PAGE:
WORKSHOP: Personal Trainer

Stephen Bubb, chief executive of the Association of Chief Executives of Voluntary Organisations (Acevo). Send your questions to: stephen.bubb@haynet.com

My recent experience with references has been next to useless. Should I just ditch them for future jobs?

I sympathise. In the past, references were taken very seriously for appointments - and I bet Buckingham Palace wish they still were! These days, they contain much less useful information. This is partly the result of legal problems.

The referee has to take care that a reference is not only factually accurate, but also ensure that it gives a fair and balanced view of the applicant's abilities and performance. If the referee is negligent in preparation, either giving inaccurate details or an unrepresentative view of the applicant, then they may be sued. If the reference is unduly negative or poor, the applicant can sue and, if it is overly complimentary about their skills and abilities, then the prospective employer relying on the reference may sue. So no wonder the value of references is diminishing.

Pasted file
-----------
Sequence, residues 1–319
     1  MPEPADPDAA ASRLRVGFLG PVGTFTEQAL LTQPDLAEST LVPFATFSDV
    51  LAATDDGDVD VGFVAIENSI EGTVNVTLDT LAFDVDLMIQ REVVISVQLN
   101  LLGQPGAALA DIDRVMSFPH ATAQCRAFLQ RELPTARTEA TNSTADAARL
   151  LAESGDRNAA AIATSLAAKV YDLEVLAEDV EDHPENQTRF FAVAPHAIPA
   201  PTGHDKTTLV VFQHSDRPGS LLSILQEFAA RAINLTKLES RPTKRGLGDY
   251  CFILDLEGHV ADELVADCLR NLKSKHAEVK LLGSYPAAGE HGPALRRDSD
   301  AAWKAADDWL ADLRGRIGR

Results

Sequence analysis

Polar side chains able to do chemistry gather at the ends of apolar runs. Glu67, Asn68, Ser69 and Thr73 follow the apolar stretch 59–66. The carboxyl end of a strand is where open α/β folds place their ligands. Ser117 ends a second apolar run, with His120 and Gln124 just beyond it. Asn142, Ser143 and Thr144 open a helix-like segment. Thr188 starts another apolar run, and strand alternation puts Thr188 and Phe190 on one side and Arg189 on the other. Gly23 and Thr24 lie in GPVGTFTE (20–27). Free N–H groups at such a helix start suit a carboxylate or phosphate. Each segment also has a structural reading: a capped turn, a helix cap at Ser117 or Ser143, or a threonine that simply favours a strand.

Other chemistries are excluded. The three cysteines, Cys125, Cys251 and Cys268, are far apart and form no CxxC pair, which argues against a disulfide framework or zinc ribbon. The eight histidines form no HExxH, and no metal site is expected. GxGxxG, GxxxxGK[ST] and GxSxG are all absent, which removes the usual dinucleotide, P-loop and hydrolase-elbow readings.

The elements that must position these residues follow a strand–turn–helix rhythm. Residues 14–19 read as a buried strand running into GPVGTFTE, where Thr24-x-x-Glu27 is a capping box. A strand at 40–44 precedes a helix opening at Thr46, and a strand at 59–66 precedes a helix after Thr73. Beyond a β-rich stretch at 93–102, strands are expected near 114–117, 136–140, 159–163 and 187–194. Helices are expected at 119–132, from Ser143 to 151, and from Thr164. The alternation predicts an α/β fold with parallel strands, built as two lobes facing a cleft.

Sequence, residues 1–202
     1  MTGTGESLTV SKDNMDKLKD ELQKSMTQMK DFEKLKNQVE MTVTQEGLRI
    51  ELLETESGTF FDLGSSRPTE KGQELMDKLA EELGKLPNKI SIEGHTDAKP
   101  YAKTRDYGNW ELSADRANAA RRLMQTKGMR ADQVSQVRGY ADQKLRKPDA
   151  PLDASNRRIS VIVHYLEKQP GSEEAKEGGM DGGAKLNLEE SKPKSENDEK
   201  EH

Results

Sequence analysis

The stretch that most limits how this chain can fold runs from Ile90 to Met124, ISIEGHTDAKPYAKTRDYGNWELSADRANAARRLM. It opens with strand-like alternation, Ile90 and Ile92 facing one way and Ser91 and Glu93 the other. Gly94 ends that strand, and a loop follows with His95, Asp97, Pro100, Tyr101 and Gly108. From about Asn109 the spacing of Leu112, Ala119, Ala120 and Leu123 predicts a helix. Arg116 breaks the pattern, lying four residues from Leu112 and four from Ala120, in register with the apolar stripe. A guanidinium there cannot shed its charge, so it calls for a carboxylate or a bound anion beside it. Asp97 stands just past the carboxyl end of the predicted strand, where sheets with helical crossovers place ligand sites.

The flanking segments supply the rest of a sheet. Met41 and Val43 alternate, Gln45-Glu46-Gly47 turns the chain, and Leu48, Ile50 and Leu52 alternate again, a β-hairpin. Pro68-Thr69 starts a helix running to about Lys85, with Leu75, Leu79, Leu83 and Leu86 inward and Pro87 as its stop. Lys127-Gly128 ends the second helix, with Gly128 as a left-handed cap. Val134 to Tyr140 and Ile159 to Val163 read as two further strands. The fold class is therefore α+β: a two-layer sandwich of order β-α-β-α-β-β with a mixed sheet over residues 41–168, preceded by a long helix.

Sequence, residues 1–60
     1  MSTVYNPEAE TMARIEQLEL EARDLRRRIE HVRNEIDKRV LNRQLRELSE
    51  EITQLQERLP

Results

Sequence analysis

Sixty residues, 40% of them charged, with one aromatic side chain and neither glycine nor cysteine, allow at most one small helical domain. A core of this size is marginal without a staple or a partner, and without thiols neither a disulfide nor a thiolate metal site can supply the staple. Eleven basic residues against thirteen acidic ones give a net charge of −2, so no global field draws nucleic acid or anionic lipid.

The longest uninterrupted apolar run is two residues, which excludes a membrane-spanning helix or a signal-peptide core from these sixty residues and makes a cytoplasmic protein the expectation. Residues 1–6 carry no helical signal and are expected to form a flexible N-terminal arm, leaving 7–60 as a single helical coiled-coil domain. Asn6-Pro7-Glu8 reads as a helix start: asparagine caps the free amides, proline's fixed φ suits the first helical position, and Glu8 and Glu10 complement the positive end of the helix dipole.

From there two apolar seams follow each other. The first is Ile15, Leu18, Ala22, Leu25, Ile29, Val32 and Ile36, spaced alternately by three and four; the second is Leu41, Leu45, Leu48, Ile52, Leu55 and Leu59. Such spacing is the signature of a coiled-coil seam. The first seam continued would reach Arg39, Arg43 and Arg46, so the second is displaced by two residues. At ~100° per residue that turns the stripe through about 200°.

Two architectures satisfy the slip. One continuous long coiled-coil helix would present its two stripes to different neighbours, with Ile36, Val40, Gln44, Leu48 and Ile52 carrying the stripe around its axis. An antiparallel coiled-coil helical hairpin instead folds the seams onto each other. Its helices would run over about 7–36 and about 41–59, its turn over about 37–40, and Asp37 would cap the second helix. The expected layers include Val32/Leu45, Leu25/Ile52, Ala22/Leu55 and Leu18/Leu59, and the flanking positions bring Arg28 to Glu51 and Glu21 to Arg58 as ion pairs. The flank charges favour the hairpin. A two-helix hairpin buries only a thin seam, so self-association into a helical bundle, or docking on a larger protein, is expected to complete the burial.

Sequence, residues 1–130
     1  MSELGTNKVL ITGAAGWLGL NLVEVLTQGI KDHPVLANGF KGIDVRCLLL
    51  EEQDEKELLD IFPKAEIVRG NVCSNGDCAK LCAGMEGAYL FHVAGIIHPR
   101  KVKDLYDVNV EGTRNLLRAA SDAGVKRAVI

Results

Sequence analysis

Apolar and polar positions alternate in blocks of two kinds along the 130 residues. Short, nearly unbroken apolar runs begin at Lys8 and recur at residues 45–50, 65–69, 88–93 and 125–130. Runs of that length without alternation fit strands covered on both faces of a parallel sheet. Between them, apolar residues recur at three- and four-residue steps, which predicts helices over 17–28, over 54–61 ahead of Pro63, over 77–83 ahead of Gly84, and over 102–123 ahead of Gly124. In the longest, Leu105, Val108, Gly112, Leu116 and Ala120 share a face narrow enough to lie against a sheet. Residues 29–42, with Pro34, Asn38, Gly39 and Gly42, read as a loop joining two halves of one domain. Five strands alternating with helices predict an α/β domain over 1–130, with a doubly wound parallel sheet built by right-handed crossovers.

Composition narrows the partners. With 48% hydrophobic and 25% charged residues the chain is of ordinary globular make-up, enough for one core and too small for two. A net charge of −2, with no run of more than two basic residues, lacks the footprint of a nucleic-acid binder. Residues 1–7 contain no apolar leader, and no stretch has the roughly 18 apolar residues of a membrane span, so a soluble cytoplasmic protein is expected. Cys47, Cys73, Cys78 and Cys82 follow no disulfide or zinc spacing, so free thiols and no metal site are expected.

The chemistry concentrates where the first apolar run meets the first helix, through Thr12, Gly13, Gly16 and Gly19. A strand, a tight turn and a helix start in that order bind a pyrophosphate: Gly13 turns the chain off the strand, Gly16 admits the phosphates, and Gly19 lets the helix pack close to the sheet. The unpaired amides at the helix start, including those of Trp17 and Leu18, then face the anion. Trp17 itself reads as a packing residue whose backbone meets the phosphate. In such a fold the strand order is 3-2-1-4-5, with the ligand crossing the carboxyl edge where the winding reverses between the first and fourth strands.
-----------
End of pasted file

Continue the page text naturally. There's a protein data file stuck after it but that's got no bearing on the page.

A reference request is usually simply a letter from the organisation to the nominated referees. The job description is probably attached but no guidance as to exactly what the employer is asking for. This means that referees can write anything from the really useful to the generalised and useless.

What can be more useful is to ask a range of specific questions which relate to the job in question, for example, "what do you think of their fundraising abilities?", or "what is the candidate's record of change management?". You should ask for examples.

A little more difficult, but worth a try, are questions on performance, such as absenteeism or performance complaints. Even here, in these litigious days, you may not get referees to be completely candid in a letter. Maybe in this case a telephone discussion would be appropriate. But such calls also need to be structured.

Some organisations dispense with references for the interview process, taking them up only for the person to be appointed. The reference checks significant reasons why the appointment should not be confirmed. Certainly, I never appoint someone simply on the basis of a good reference. The cynics among us might suggest that really good references are often given where an employer is desperate to get shot of someone.

If you are going to use references, they are most reliable when they are structured, so that you can evaluate all the candidates on clear job-related criteria, and where you can get examples to back up (or not) CV 'boasts'.

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